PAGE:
With the evolution of the ETF industry, investors now have numerous cost-efficient tools at their disposal to “fix” just about any financial objective. The growing popularity of commodities investing has also spawned a wave of interest in exchange-trade products targeting gold. As such, ETFs offering exposure to the precious yellow metal have found their way into many investors’ portfolios. Interest in gold miners ETFs has also been growing as some prefer indirect exposure to gold by tapping into commodity producers equities.
The profitability of gold miners generally depends on the price they are able to sell their product at, similar to just about every other business out there. Running a gold mine entails a fairly fixed cost structure, and as such, swings in gold spot prices can have a material impact on profitability. Because of this, some investors have grown to believe that gold mining companies tend to have a very positive correlation with the price of gold. Unfortunately, this is not always the case for one simple reason: gold mining companies hedge.
Many, but not all, gold miners hedge out their exposure, essentially locking in a price to sell their product in the future to ensure stable cash-flows. This is one of the big reasons why when gold prices jump, or plunge, gold mining stocks don’t always follow their metallic leader so to speak. To further demonstrate this point, below we take a closer look at the price correlation between the gold miners ETFs and the price of gold. Note that the time frame used starts at the inception date of RING: 1/31/2012-5/24/2012:
|SPDR Gold Trust (GLD)|
|Van Eck Market Vectors Gold Miners ETF (GDX)||0.67|
|Van Eck Market Vectors Junior Gold Miners (GDXJ)||0.72|
|PowerShares Global Gold And Precious Metals Portfolio (PSAU)||0.66|
|Global X Pure Gold Miners Fund (GGGG)||0.57|
|iShares MSCI Global Gold Miners Fund (RING)||0.73|
The table below offers the same comparison with the exclusion of the youngest fund over the trailing 1-year period:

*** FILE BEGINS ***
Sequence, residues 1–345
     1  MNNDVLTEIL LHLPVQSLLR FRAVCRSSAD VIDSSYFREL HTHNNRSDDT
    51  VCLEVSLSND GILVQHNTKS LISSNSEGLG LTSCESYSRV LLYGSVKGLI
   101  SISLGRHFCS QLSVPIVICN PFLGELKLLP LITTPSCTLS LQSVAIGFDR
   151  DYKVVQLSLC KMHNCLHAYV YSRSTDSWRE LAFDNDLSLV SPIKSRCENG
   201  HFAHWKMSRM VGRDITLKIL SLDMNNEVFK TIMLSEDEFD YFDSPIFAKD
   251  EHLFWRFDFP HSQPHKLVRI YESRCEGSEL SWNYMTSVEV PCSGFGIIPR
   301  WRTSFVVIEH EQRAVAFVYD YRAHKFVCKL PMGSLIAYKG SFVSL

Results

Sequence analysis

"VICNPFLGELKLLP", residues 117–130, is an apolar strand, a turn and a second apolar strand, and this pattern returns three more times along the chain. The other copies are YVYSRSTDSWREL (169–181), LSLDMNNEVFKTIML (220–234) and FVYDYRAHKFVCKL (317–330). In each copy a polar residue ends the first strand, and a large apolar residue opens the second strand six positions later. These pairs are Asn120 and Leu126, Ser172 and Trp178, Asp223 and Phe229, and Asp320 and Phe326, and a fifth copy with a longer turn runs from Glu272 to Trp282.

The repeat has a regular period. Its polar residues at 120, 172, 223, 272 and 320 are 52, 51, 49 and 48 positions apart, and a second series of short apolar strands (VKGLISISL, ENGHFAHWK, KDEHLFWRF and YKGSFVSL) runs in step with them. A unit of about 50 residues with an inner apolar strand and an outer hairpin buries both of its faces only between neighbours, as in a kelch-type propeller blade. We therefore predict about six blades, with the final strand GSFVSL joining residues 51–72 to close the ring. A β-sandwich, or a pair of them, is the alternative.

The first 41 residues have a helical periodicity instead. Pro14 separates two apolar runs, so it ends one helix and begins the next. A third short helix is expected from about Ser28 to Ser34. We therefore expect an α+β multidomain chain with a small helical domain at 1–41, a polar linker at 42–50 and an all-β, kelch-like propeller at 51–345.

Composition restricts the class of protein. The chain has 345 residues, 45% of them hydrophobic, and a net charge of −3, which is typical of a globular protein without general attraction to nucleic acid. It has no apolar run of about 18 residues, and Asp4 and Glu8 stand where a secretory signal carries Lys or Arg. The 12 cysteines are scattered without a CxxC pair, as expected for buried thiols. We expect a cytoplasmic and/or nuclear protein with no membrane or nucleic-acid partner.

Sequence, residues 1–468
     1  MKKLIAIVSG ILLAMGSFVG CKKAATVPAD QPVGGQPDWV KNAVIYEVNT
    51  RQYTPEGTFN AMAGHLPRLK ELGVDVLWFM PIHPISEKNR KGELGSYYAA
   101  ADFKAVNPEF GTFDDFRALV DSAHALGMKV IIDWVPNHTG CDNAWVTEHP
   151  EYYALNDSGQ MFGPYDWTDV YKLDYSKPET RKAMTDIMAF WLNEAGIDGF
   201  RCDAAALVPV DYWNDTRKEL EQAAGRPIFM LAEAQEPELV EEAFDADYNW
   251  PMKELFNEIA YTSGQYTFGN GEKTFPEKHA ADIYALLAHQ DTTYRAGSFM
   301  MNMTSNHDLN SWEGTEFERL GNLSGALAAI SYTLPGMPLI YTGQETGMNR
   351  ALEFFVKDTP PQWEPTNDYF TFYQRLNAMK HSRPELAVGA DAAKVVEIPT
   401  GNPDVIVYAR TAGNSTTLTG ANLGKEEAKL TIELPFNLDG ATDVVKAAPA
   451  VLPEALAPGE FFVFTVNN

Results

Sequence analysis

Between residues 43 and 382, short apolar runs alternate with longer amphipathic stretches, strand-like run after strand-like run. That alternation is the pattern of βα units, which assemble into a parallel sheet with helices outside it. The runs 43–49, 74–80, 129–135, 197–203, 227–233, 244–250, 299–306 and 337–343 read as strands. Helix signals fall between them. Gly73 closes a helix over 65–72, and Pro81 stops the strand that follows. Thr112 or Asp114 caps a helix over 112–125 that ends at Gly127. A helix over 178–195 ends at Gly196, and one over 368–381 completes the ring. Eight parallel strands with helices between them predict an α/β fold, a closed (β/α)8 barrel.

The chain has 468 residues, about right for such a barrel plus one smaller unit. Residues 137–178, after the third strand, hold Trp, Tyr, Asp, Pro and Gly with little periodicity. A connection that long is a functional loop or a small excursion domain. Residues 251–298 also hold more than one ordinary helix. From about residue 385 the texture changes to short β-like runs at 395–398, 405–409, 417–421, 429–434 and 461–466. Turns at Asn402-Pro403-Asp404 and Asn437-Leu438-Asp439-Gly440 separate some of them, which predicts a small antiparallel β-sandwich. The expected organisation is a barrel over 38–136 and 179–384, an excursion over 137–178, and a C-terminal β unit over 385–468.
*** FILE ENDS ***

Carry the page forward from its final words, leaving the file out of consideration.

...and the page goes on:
|As of 5/24/2012|
The takeaway is fairly obvious: gold miner ETFs do have a mild to high positive correlation with gold prices. However, keep in mind that correlation only considers relative direction of price movements, it does not shed light on performance. For example, in 2011, gold posted roughly a 10% gain on the year, while gold miners lagged far behind. In fact, GDXJ shed losses upwards of 35%, while GGGG, PSAU, and GDX all suffered double-digit losses as well.
Furthermore, the correlation readings fluctuate based on the time horizon. GGGG for example holds an 0.81 correlation with GLD over the past month, which is by far the highest reading from any of these tables. Traders should keep in mind that gold mining stocks and ETFs alike may serve as viable tools to gain indirect exposure to spot prices in certain situations. Over the long-haul however, there’s really no substitute for the real thing as they say.
Another important consideration that investors should keep in mind is to ask what’s under the hood. GDX is the biggest and most popular of the pack, although it holds a handful of companies who mine for metals other than gold. GGGG on the other hand offers “pure” play exposure to this segment of the mining industry. Investors should do their research before buying into a position and keep in mind that gold mining ETFs are not always perfectly correlated with spot prices, although the relationship between the two is fairly positive.
Disclosure: No positions at time of writing.
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